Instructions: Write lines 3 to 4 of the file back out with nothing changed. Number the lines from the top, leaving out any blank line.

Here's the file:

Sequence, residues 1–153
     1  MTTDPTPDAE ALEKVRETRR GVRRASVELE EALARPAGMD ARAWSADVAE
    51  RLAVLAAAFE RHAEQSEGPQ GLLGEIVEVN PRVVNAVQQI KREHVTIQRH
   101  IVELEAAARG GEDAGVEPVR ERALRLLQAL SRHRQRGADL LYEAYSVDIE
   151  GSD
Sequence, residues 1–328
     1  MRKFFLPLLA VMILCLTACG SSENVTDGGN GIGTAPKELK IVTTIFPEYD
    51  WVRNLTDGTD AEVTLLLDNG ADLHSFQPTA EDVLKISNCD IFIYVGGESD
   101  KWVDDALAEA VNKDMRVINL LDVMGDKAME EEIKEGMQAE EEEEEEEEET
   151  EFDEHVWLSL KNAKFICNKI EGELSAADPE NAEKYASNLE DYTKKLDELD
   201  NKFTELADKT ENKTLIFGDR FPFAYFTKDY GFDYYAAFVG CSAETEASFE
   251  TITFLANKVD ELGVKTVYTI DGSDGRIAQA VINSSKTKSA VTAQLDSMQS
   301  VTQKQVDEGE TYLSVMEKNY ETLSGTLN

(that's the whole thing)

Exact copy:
    51  RLAVLAAAFE RHAEQSEGPQ GLLGEIVEVN PRVVNAVQQI KREHVTIQRH
   101  IVELEAAARG GEDAGVEPVR ERALRLLQAL SRHRQRGADL LYEAYSVDIE